New Gallaudet Dean Stresses Value of a Liberal-Arts Education

Gallaudet U.

Genie Gertz
October 21, 2013

When Genie N. Gertz returned to her alma mater, Gallaudet University, this fall to be its new dean of the College of Arts and Sciences, she joined seven other alumni on the 13-member president's cabinet.

"I grew up believing that I could do whatever it was that I wanted, that there were no limitations placed on me," she said through an American Sign Language interpreter on the campus of the 149-year-old liberal-arts institution, which serves primarily deaf and hard-of-hearing students. "It's my goal that future generations of deaf students have that same experience."

Ms. Gertz was born in what is now St. Petersburg, Russia and moved to the United States with her parents when she was 8.

After attaining a bachelor's degree in communication arts at Gallaudet in 1992, she earned a master's degree in human-resource management and development from New York University, and a Ph.D. in social sciences and comparative education from the University of California at Los Angeles.

Just before joining Gallaudet, Ms. Gertz, who is 43, was dean of the deaf-studies division at Ohlone College, a two-year public institution in California. She had also been a faculty member in the deaf-studies department at California State University at Northridge.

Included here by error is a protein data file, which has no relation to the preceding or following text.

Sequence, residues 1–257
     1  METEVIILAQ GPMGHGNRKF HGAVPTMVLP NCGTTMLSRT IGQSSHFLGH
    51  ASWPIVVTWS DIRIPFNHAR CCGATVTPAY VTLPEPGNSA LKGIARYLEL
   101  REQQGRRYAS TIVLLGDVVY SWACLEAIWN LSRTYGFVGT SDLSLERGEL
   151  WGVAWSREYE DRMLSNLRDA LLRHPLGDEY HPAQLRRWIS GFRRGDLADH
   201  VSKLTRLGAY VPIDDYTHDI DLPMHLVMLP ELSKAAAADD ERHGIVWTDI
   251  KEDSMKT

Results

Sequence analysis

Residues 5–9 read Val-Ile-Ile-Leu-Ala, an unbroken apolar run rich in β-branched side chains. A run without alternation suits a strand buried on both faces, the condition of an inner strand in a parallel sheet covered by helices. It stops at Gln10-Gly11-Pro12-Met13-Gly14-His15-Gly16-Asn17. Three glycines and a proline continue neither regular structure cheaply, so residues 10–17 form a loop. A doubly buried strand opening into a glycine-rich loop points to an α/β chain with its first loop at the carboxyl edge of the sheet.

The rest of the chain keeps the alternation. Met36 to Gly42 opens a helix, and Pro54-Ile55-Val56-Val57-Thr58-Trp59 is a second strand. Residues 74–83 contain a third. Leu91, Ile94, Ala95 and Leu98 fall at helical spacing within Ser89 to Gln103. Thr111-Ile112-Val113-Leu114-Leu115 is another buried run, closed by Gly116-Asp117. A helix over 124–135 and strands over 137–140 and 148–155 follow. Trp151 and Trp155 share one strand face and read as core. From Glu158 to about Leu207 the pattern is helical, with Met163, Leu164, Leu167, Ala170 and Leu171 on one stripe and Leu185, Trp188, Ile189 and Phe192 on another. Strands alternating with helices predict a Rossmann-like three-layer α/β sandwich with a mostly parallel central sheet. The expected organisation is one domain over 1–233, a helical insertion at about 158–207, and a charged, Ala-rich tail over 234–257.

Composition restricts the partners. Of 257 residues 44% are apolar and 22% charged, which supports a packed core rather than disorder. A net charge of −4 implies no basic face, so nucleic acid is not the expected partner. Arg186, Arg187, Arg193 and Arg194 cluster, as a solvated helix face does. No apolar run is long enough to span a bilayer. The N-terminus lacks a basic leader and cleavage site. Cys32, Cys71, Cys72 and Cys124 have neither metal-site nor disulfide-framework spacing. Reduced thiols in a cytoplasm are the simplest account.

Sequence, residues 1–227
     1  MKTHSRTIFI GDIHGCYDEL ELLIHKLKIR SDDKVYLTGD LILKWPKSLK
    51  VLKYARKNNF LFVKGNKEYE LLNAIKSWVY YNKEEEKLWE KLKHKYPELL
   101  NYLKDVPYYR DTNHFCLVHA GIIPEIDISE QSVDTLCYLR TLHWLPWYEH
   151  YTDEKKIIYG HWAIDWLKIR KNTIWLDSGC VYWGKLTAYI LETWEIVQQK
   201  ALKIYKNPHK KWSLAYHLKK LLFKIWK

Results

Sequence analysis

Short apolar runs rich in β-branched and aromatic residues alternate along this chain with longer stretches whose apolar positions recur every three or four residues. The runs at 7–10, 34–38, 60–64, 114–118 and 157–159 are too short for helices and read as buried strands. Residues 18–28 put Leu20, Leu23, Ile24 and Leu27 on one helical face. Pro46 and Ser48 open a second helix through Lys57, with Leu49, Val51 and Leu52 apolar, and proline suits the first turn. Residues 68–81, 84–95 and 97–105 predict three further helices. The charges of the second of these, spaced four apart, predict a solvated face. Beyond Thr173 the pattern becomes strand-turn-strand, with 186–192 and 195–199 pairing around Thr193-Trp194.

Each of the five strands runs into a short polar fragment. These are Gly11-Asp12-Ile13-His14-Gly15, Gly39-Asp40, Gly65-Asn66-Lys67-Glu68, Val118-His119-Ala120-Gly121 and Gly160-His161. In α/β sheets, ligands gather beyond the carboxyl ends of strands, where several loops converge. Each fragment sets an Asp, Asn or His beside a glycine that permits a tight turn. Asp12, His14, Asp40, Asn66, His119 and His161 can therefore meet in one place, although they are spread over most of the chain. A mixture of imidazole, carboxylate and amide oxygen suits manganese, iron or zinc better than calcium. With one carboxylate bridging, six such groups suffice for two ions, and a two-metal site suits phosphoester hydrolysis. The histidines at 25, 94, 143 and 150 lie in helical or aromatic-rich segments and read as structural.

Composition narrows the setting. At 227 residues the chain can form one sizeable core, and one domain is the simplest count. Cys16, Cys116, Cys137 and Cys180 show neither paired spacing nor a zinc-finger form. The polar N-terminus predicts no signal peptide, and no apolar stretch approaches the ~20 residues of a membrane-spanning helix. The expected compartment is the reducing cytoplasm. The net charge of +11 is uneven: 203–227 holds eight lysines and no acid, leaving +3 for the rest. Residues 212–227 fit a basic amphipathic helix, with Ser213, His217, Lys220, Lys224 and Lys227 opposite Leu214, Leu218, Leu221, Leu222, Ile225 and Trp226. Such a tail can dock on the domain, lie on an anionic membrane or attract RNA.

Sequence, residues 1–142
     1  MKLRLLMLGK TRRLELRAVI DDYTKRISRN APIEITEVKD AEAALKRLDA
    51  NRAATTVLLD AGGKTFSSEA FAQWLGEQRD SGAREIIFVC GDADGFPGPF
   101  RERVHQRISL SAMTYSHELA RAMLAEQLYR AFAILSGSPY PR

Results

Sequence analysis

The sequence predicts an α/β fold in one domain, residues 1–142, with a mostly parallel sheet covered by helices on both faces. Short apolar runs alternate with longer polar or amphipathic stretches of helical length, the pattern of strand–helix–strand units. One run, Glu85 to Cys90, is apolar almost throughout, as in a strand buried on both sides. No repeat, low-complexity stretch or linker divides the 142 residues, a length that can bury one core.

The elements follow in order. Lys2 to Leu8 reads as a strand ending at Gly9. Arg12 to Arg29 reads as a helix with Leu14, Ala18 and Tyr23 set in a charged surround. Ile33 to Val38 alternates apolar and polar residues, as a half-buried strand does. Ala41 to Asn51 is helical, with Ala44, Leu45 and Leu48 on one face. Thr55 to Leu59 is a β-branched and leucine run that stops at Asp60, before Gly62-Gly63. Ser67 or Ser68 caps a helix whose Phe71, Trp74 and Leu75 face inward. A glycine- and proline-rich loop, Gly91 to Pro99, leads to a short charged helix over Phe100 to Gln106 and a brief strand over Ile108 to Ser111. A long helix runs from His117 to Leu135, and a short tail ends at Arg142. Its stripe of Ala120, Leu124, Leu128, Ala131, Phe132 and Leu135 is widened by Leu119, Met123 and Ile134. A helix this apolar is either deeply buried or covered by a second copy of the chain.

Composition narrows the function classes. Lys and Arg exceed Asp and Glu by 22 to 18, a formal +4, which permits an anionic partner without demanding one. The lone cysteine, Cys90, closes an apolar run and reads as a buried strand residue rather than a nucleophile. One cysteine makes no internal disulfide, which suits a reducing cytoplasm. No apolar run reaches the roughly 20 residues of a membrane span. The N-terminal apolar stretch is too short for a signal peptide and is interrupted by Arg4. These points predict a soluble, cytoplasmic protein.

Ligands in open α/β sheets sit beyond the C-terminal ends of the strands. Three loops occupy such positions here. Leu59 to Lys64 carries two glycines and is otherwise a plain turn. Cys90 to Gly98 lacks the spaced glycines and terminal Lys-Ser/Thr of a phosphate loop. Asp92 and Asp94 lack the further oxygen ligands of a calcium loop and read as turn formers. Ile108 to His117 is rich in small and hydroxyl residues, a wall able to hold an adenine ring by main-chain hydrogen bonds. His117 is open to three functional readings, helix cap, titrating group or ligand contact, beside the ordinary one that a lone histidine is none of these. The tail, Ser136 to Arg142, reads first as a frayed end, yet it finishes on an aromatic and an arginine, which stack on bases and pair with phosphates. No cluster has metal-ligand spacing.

Ms. Gertz's ability to maintain programs and the graduation rate at Ohlone during budget cuts impressed Stephen F. Weiner, Gallaudet's provost. "She found innovative ways to find new resources and build better community relations," he says.

In addition to her academic work, Ms. Gertz has served on the founding board for the Deafhood Foundation, which describes itself as "dedicated to achieving economic and social justice for all deaf people."

Some hearing people do not understand the depth of deaf people's capabilities, which creates "unnecessary barriers" for them, Ms. Gertz says. Gallaudet students are often drawn to such fields as linguistics, counseling, education, and American Sign Language, but Ms. Gertz says more students are turning to nontraditional career paths, like graphic arts and law. Gallaudet emphasizes collaboration across disciplines to prepare students for fluid careers, she says.

"When students graduate, we don't expect them to stay in their careers for 34 years, as previous generations of employees did," she says.

Among other goals, the university is trying to increase enrollment.

Corinna S. Hill, a Gallaudet senior and member of the search committee, wrote in an e-mail that she expects Ms. Gertz to "take a student-centric approach."

"She seems very warm and inviting," wrote Ms. Hill, who is editor in chief of Gallaudet's student newspaper. "Students gravitate towards her."

Ms. Gertz's publications include an essay, "Dysconscious Audism: A Theoretical Proposition," which asserts that hearing society's dominance alters the way in which deaf people perceive themselves. Internalized "audism," the notion that people who cannot hear are inferior, hinders deaf people in developing a deaf identity and prevents them from expressing cultural pride, she writes.

Mr. Weiner says Ms. Gertz's publication history would translate to higher expectations for Gallaudet faculty.

Her appointment, he said in a written statement, will inspire them to "engage in more critical scholarship and research" and "more fully embrace the diversity of this community."